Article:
Life at the end of the road

December 31, 2014

The ‘Office party’ :-)

Filed under: New hybrid ferry — Tags: , , , , , — lifeattheendoftheroad @ 10:54 pm

Well it’s Hogmanay and by the time most of you read this I guess it’ll be 2015. It’s 20:00 here in ‘number 3’ and I’m already onto the second glass of Bells that I’ve ruined with Coke, I know it’s sacrilege to put that sugary muck in the  uisce beatha but I’m trying to dilute the ‘water of life’ so I don’t get wrecked this side of next year Smile

Battery issues

I know I’ve been a little lax this year, only 116 measly posts but it’s been a rather chaotic couple of years here at the ‘end of the road’ and it’s about to get worse. Hopefully though, a little sanity will return in early 2015 and I can resume my normal opinionated, ranting and obnoxious witterings. Then with the aid of a virtually indestructible camera given me by mum for Christmas, I can show you all the pictures of our new house Smile

So, where was I when I last posted? ‘Loosing pressure’ on the 28th apparently, well I failed to sort that unfortunately and have burdened my ‘back to back’ with a slight leak from the aft ‘converter cooler’.  Luckily he’s an understanding chap and knows that I wouldn’t have done it intentionally. However, I had a wee snag with our LiFePO4 batteries to deal with and that somewhat distracted me.

The worlds first hybrid sea going ferry, our very own MV Hallaig has on board 216 lithium iron batteries that supply 20% of her energy needs throughout the day. In effect it is actually much more than that, for were she (or any other vessel) sailing on internal combustion engines only, she would need to have at least two (if diesel electric) or more likely three (like a regular ferry with main engines and generators) diesels running all day. The Hallaig only needs to have one generator running during a normal working day, any shortfall or instantaneous power requirement being met by her ‘static generator’, the 600kWh battery bank.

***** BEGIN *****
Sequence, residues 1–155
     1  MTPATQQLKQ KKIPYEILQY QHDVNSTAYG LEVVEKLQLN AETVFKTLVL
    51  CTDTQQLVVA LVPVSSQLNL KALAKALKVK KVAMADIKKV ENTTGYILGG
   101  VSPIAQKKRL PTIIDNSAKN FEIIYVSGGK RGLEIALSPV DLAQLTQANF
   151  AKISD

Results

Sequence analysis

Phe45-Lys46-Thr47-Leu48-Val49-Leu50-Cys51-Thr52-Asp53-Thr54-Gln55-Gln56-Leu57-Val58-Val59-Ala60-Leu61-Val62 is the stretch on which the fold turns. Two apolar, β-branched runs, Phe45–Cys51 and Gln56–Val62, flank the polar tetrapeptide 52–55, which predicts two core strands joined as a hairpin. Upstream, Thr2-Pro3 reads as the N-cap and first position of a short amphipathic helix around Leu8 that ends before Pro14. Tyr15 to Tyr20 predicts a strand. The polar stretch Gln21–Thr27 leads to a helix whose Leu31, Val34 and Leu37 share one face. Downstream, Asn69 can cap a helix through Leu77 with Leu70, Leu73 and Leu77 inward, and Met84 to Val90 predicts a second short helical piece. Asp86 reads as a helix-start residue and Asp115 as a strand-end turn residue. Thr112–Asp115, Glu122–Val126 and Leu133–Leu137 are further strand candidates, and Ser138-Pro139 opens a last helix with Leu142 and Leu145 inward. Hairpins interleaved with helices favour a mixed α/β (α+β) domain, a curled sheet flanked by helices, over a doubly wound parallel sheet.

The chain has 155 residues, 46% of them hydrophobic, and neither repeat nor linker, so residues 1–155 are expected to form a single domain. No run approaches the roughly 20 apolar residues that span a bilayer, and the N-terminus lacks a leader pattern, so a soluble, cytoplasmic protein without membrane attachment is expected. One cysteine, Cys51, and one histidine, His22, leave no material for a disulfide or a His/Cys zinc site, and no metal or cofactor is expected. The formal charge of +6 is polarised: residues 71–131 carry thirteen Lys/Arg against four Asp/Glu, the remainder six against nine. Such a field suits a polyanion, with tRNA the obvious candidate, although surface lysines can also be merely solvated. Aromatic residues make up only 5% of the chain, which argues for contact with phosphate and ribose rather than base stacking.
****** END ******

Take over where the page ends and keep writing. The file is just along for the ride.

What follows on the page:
The total battery capacity is split fore and aft in two dedicated battery rooms that are air conditioned, locked and only entered after strict procedures are observed. There is enough energy in these two rooms to send an average sized cat to the moon, instantly. Well, probably not but it is a lot of energy and it could be delivered at the speed of light to a miss placed spanner or carelessly placed wedding ring.

Now, I’m no stranger to batteries, having lived ‘off grid’ for thirty years and having used all manner of them to power my house. Consequently I have great respect for them and have spent a good portion of my winter evenings researching them on the internet. Batteries come in all shapes and forms, lead acid being the most common in it’s many forms, NiCad, NiFe having been around for almost as long, and all manner of modern technologies in their infancy, from Vanadium Redox to molten metal. It is however the Lithium Iron with all its various chemistries that power everything from mobile phones to locomotives and busses these days.

With a high energy density, fantastic efficiency and light weight the lithium batteries are the ‘weapon of choice’ these days. They do however require careful charging and a complex ‘battery management system’ to function at their best. It is this BMS that caused a minor hiccup on our ferry over the last couple of days. Nothing that would be noticed by the casual observer but a certain unevenness in the charging values  had been detected during routine monitoring.



Here you see the first four cells of module number 2 on Aft bank 1 reading 3.777v, a touch too high.


Consequently one of the modules had to be removed and the connections on the BMS cards checked. Though not before the observance of strict protocols and  isolation f the 750v bank.

009 010 012

With all metallic objects removed from my person, wearing insulated gloves and using insulated tools I removed one of the modules.